Leaving Home: Teens that are preparing to leave for college shared some concerns that they are currently addressing, including air conditioning, securing a private shower, and informing others of their conditions (more on preparing for college). One teen leaving for college this fall remarked, “I worried about what my roommate would think, because I can’t change my skin. But then I explained everything to her, and she said – no big deal. I have ADHD, does that matter to you?!” Another young adult from the audience offered advice based on her own college experience. “Talk to them, be honest and upfront with your roommates. It will also help by letting them know, so that they can support you, in case there is a medical issue – someone around you should know about your condition, particularly if you do not have family close by.”

Overprotective Siblings: From the sibling perspective, it seemed that most of them had more of a difficult time dealing with the skin condition than the affected individuals. A few of them commented that they feel very overly protective of their sibling, and when people make comments or stare, they “lose their cool,” and tend to want to react in an angry and aggressive manner. “I think it’s normal to get upset for your sibling. However resorting to violent comments and behavior is never a good thing. Just try to explain the situation to them, and also, if it’s a younger sibling, you don’t want them to see you getting angry. It’s not a good example,” said one teen sibling.

Transitioning from a Small to Large School, or Starting School in General: The consensus was that having the parents, along with the affected child, go into classroom and inform people about their skin condition was a positive experience. However, one teen strongly suggested, “Make sure that the affected person is prepared to answer the questions themselves, even beyond when the parent is there. Make sure they really know their condition, and how it affects them, so they don’t feel badly for not knowing what to say.”

Speak for Yourself:  For younger children, one teen suggested that maybe it’s not one hundred percent necessary for them to always use the medical terms to discuss their condition. Perhaps if they use their own words to describe their skin, like severely dry, rather than a medical term, it would make the situation more relatable.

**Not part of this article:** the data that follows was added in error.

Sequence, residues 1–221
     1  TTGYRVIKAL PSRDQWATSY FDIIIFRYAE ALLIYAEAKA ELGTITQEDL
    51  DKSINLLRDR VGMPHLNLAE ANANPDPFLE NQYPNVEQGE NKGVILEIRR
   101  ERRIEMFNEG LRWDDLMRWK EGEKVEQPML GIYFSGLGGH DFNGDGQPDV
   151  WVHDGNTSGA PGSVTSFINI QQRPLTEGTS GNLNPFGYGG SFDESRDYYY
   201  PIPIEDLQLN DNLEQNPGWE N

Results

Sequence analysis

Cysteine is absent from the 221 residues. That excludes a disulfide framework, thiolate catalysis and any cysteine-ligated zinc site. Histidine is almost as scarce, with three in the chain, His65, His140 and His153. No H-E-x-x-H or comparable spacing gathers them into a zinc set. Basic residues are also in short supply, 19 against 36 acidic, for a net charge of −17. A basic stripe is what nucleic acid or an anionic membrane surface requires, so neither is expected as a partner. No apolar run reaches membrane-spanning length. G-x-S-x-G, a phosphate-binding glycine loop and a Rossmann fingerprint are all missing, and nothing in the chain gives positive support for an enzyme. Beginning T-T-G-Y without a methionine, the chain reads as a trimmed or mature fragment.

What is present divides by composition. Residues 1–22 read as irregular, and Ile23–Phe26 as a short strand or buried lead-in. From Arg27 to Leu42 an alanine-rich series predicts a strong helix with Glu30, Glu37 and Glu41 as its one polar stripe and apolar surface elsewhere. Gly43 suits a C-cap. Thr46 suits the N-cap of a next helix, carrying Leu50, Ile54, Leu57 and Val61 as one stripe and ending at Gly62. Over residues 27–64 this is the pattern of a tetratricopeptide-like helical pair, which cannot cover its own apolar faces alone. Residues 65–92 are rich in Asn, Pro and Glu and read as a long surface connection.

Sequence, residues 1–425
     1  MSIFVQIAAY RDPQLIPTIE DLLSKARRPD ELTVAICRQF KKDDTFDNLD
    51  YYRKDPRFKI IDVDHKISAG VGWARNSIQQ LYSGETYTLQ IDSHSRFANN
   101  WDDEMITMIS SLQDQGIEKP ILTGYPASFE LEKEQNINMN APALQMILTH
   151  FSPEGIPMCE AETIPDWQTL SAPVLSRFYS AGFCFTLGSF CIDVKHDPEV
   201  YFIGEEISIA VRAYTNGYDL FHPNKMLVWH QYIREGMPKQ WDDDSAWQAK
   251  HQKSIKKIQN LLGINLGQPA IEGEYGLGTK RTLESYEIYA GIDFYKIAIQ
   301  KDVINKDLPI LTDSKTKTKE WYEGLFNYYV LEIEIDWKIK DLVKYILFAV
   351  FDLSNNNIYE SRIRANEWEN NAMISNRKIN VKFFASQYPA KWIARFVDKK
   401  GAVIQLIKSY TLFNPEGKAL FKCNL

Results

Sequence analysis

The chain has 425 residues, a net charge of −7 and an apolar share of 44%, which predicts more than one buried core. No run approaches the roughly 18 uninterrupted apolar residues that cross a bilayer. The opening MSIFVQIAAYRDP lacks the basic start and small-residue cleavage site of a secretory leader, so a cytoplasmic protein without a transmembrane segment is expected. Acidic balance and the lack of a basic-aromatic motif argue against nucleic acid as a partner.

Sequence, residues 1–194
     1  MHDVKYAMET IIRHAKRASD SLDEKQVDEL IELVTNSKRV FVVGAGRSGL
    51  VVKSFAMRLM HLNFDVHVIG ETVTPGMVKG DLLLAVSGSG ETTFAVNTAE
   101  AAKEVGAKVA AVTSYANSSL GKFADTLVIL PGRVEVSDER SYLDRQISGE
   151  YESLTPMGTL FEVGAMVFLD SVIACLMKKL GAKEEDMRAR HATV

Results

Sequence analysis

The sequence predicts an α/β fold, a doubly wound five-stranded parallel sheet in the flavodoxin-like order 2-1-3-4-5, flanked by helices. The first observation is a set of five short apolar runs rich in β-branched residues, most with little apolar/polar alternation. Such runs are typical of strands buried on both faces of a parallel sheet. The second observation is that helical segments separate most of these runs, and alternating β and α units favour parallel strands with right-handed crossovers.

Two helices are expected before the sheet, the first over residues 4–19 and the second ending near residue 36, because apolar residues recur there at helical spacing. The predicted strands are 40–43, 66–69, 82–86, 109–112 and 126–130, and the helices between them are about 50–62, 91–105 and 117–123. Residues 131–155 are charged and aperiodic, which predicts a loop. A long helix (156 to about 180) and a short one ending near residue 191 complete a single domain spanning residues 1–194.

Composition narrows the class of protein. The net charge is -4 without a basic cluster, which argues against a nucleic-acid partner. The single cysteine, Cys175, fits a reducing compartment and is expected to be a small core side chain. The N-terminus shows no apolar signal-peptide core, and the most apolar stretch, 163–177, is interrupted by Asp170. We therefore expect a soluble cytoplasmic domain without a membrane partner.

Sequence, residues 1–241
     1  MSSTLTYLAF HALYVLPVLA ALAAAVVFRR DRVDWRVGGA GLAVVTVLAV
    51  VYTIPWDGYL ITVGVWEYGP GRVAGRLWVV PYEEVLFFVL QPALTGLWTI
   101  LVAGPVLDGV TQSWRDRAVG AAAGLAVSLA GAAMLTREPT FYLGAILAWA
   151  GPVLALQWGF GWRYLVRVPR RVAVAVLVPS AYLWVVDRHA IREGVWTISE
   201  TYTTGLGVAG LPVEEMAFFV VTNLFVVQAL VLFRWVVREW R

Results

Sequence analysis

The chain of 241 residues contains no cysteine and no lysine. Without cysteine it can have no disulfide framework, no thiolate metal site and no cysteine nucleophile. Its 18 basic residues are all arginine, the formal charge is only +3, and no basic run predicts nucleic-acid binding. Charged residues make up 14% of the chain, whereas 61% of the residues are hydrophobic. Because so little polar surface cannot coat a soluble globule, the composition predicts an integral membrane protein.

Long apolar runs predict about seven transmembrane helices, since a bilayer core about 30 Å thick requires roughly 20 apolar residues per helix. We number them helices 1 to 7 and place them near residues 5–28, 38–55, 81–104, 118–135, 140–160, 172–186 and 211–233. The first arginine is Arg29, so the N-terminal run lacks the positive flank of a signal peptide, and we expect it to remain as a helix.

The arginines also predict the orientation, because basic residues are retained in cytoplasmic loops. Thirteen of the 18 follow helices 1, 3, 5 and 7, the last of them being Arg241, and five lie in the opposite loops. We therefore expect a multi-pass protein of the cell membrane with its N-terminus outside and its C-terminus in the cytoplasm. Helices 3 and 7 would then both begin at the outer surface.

Using Your Sixth Sense: Humor – Sometimes turning an uncomfortable question or conversation on its head with a little wit, may be a great way to show peers there is more to you than your skin. One teen commented that whenever he is asked why skin is red, he replies, “’Cause blue was taken!” Although this is not a solution in its entirety, it can really break the ice and lead to a more informative conversation.

We are enormously grateful to our two amazing teen panels for their courage and willingness to share an inside perspective on life as a teen with ichthyosis, and we wish them all the best of luck in all they do!

Not able to make the FIRST National Family Conference? Stay tuned with #FIRSTNFC

 


062212-5436(1)If you are unable to attend the FIRST Family Conference, not to worry. We’ll
be sharing the “Indy 2014″ experience with you, as much as possible, on
Facebook and Twitter throughout the conference. You can look forward to
interviews with attendees and same-day photos of all the families, friends,
and activities!

Be sure and stay in touch with all the excitement by using #FIRSTNFC, the
official conference hashtag! Plus, after the conference we’ll be sharing a
post conference summary, including video clips of presentations along with
news articles, blog posts, and e-mails derived from the very latest
research, treatments and tips for living with ichthyosis, as discussed a2014 Conference Logo-WEBt
the conference.

The FIRST National Family Conference kicks-off on Friday morning, June 20 at 7:00am EDT, and will continue until Sunday, June 22 at 1:30pm. Stay tuned!

 
 

Conference Update: When it comes to Ichthyosis, Do Women Have Different Concerns than Men? Yes.

2014 Conference Logo-WEBAt this year’s National Family Conference in Indiana, Bethanee Schlosser, MD, PhD will  lead a new breakout session, “Unique Considerations for Women with Ichthyosis.” During this session, Dr. Schlosser will identify and address the unmet needs of women with ichthyosis as it relates to their overall skin health, sexual functioning, and quality of life.  This is a unique learning opportunity for women, including a rare chance for women to voice personal experiences and concerns, in a safe and comfortable environment, and to ask those “taboo questions” often left unspoken. The session will include:

  • Effect of ichthyosis on specific functions (breast sensation, lactation, sexual function, etc.) as well as quality of life.
  • Women’s skin health as it relates to vulvar mucosal dermatology.
  • Patient-to-patient resources; group discussion; Q & A …and more!

This is a session for female attendees in any stage life. And, for those of you who may not be able to attend the conference, as with many of the conference breakout sessions, we will provide a recap article, featuring highlights from the session, in our online post-conference summary.

About our Worshope Leader:

Bethanee Schlosser is a Dermatologist and Assistant Professor at Northwestern Medical Faculty Foundation.

Should Grandparents & Extended Family Attend the FIRST National Family Conference?